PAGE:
LABOR LAW NEWS

Illinois Enacts Sweeping New Laws Related to #MeToo Movement

By Kris Janisch
Published Sept. 6, 2019

Illinois Sexual Harassment Laws MeToo 2019

Image from Canva

Workplace sexual harassment laws in Illinois will soon be much more stringent. The governor on Aug. 9 signed legislation that has sweeping consequences for employers.

Most of the new laws go into effect Jan. 1, 2020, following a growing trend of bills passed in the wake of the #MeToo movement. The legislation in Illinois includes several new measures aimed at curbing sexual harassment and discrimination in the workplace:

  • Changes to employee contracts that protect against sexual harassment claims
  • Strengthened ability for workers to report allegations
  • Additional state agency oversight
  • Sexual harassment training requirements
  • “Panic buttons” for certain hotel and casino employees (July 1, 2020, effective date)
  • Supplemental training for bar and restaurant workers
  • Permits contract employees to bring harassment claims

These are just some of the new requirements employers in Illinois must prepare for, in addition to enhanced training, rights and processes in the state government itself.

“Sexual harassment is unacceptable and will not be tolerated in the state of Illinois,” Gov. JB Pritzker said in a statement. “Ending the culture of sexism and sexual harassment in workplaces across our state takes a comprehensive approach, and I’m proud that this bi-partisan unanimously-passed legislation — led by Senator Melinda Bush and Representative Ann Williams — strengthens workplace protections to hold abusers and enablers accountable. This commonsense law makes it clear that the days of turning a blind eye to sexual harassment in the workplace are over.”

Reporting Requirements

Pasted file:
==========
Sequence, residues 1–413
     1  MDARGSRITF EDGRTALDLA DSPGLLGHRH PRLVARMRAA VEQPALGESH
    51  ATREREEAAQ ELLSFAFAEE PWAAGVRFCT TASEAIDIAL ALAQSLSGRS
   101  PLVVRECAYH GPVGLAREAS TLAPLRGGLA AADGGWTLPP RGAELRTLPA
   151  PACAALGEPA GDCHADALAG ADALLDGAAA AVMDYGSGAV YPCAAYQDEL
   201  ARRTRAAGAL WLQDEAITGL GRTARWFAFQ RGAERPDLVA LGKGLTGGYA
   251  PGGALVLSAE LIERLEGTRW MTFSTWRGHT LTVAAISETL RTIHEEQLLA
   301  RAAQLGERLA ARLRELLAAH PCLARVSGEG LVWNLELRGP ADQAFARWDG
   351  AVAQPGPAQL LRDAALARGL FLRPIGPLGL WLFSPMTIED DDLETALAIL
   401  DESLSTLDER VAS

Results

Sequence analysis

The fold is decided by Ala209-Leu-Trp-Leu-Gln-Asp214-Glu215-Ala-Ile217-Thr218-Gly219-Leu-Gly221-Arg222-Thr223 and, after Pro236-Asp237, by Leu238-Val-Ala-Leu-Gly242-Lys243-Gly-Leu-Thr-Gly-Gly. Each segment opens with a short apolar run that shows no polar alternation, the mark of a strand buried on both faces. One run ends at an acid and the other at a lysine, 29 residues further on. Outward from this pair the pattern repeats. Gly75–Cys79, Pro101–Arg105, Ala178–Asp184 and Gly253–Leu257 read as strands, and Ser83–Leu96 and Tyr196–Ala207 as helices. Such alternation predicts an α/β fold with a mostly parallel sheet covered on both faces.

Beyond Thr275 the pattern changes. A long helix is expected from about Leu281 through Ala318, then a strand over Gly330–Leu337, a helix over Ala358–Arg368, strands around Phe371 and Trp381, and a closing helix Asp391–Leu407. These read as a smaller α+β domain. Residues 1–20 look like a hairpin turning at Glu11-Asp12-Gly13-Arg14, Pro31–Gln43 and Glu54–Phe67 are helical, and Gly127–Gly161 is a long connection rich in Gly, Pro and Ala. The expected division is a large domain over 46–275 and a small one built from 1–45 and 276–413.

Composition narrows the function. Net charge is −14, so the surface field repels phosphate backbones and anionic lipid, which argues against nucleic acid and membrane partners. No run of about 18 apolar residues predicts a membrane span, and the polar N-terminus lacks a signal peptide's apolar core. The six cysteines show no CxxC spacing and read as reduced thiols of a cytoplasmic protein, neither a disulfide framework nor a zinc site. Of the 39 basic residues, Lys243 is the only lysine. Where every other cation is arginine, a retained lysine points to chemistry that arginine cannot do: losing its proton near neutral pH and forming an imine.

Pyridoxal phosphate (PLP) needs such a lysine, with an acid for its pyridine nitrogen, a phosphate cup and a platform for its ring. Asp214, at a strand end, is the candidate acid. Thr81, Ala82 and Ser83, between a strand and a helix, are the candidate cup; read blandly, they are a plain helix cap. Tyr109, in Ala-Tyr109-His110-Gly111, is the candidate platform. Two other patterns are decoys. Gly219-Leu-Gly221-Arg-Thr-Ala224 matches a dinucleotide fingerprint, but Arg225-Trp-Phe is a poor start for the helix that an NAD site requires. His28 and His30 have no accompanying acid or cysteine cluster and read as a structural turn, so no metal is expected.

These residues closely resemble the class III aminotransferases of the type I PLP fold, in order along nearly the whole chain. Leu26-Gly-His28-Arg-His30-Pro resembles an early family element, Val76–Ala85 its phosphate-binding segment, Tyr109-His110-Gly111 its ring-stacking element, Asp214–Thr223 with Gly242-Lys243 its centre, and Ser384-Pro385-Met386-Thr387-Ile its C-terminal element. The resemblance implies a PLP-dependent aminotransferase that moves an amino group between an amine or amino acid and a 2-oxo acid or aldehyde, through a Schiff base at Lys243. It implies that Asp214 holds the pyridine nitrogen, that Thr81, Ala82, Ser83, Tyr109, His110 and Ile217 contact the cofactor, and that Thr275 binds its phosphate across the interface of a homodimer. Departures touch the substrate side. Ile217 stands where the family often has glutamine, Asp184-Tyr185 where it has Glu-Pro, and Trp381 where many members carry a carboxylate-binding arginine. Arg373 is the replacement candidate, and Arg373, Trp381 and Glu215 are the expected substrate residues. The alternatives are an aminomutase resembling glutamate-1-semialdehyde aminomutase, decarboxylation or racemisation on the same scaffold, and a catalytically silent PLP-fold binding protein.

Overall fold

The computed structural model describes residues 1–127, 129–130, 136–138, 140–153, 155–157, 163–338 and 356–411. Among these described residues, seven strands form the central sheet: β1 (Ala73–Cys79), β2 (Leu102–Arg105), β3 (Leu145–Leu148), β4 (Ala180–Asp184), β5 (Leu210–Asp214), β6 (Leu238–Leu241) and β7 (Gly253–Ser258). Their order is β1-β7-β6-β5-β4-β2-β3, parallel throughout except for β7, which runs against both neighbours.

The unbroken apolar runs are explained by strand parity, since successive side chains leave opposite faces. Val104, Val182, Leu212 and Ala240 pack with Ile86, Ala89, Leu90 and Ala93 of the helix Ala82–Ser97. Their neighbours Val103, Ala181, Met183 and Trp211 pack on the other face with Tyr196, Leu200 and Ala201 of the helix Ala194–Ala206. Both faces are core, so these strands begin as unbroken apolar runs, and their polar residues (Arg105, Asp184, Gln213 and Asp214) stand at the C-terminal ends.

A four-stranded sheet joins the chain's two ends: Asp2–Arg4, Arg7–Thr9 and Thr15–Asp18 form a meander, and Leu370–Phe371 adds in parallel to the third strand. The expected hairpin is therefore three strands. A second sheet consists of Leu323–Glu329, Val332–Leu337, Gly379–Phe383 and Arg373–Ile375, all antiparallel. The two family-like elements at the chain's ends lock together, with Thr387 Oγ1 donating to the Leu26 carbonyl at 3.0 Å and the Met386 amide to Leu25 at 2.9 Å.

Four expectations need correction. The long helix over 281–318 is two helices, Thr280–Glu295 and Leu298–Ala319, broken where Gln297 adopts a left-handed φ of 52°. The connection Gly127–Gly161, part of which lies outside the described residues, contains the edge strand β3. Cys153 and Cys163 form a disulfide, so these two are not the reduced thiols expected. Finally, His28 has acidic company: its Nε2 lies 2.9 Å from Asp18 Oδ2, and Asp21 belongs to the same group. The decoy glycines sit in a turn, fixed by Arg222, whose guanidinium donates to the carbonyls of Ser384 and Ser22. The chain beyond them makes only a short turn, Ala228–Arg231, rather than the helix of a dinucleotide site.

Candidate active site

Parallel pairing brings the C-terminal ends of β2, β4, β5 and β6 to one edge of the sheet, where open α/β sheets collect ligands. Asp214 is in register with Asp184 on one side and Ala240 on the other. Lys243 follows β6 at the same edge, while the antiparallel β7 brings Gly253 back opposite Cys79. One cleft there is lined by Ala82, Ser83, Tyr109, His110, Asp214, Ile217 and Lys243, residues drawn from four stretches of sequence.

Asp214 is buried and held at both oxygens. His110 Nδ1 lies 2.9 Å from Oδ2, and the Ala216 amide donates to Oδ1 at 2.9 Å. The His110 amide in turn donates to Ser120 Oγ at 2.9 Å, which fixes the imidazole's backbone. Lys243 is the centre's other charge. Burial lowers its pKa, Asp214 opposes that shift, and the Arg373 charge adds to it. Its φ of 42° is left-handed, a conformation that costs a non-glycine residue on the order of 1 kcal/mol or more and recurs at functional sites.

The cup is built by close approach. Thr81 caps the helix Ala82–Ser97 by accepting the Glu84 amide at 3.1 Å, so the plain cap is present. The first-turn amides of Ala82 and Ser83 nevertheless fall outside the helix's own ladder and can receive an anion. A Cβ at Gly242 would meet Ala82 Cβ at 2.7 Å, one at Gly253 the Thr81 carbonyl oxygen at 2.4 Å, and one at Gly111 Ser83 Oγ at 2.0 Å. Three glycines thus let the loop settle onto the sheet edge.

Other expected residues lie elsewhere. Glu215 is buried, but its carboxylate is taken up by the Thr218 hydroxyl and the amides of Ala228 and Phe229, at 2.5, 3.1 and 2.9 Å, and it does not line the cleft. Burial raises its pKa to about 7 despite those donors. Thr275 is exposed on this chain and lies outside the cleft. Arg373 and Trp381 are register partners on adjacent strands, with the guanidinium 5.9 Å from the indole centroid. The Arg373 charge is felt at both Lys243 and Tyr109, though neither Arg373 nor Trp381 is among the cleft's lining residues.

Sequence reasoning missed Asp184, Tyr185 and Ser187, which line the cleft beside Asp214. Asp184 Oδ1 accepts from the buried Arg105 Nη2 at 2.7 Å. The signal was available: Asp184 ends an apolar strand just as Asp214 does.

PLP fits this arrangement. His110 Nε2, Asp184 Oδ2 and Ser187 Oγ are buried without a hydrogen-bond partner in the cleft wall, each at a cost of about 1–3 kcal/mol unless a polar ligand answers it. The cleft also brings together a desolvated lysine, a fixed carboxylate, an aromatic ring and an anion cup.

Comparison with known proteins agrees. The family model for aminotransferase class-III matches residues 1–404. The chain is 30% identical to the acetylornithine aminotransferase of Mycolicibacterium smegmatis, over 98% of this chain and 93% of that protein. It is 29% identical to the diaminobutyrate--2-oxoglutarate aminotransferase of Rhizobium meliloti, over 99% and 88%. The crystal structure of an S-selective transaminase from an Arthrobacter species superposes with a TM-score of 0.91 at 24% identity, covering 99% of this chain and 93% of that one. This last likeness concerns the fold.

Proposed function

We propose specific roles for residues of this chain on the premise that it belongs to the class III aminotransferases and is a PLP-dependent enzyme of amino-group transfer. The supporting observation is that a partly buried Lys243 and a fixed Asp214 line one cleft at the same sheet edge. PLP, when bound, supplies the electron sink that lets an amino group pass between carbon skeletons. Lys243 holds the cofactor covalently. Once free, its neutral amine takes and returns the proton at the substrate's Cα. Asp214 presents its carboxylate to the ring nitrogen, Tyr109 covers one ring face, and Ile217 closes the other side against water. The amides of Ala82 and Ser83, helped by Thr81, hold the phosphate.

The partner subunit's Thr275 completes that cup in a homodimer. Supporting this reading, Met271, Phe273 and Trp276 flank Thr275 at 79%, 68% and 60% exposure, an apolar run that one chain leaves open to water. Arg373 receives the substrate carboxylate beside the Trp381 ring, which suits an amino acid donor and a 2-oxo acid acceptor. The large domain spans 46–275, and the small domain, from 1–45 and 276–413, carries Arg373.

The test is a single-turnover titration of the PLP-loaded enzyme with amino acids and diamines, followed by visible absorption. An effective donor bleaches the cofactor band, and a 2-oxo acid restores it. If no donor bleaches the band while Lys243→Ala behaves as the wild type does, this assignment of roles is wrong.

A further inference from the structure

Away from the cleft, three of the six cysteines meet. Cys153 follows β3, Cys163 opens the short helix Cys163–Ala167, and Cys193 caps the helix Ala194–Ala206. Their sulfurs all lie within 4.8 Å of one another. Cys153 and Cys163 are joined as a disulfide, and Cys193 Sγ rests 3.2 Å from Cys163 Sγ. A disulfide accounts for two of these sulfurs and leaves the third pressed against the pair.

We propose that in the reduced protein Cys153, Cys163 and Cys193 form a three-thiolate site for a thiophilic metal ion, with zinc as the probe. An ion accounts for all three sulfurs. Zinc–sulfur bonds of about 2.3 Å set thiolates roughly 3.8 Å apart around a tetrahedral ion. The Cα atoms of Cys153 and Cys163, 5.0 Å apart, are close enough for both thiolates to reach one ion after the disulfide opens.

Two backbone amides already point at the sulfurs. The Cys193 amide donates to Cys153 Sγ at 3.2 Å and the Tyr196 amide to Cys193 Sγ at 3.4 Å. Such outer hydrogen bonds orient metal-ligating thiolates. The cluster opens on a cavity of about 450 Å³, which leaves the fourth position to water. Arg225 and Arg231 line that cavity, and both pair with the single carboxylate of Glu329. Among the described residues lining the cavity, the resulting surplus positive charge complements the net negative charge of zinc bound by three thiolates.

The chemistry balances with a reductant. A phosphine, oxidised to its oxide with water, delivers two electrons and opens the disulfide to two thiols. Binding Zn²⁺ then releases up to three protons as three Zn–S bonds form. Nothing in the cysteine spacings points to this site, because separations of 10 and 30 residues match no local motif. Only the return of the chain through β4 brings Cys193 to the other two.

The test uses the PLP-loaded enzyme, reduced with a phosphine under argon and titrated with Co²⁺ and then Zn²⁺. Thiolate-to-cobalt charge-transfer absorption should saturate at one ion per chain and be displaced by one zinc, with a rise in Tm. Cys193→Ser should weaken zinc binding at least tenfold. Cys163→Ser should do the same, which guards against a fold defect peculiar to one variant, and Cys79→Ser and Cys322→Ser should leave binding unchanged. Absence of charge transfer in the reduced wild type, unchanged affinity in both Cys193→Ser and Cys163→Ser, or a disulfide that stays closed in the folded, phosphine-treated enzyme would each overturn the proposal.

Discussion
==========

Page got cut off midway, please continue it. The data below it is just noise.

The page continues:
Starting July 1, 2020, employers must report to the Illinois Department of Human Rights the number of adverse judgments or administrative rulings involving sexual harassment and unlawful discrimination on a yearly basis.

The reporting must also include the type of harassment — sex, race, age, gender, etc.

Training Requirements

The Illinois Department of Human Rights will create a sexual harassment prevention training program for employers. All businesses must provide annual training to employees. Failure to do so could result in fines up $5,000 per offense.

Additionally, supplemental training must be provided to restaurant and bar workers, as well as giving new employees a sexual harassment policy within a week of their start date.

Employee Contracts

The Workplace Transparency Act, a major component of the new legislation, limits a business’ ability to unilaterally create contracts that prevent employees from coming forward with potential sexual harassment claims.

Meanwhile, the bill prevents employers from disclosing the name of an alleged sexual harassment victim in future proceedings.

Conclusion

Several states have expanded their sexual harassment laws of late, including California, New York and Connecticut. It’s incumbent upon employers to monitor potential unlawful behavior and maintain training procedures.

This Labor Law News Blog is intended for market awareness only, it is not to be used for legal advice or counsel.

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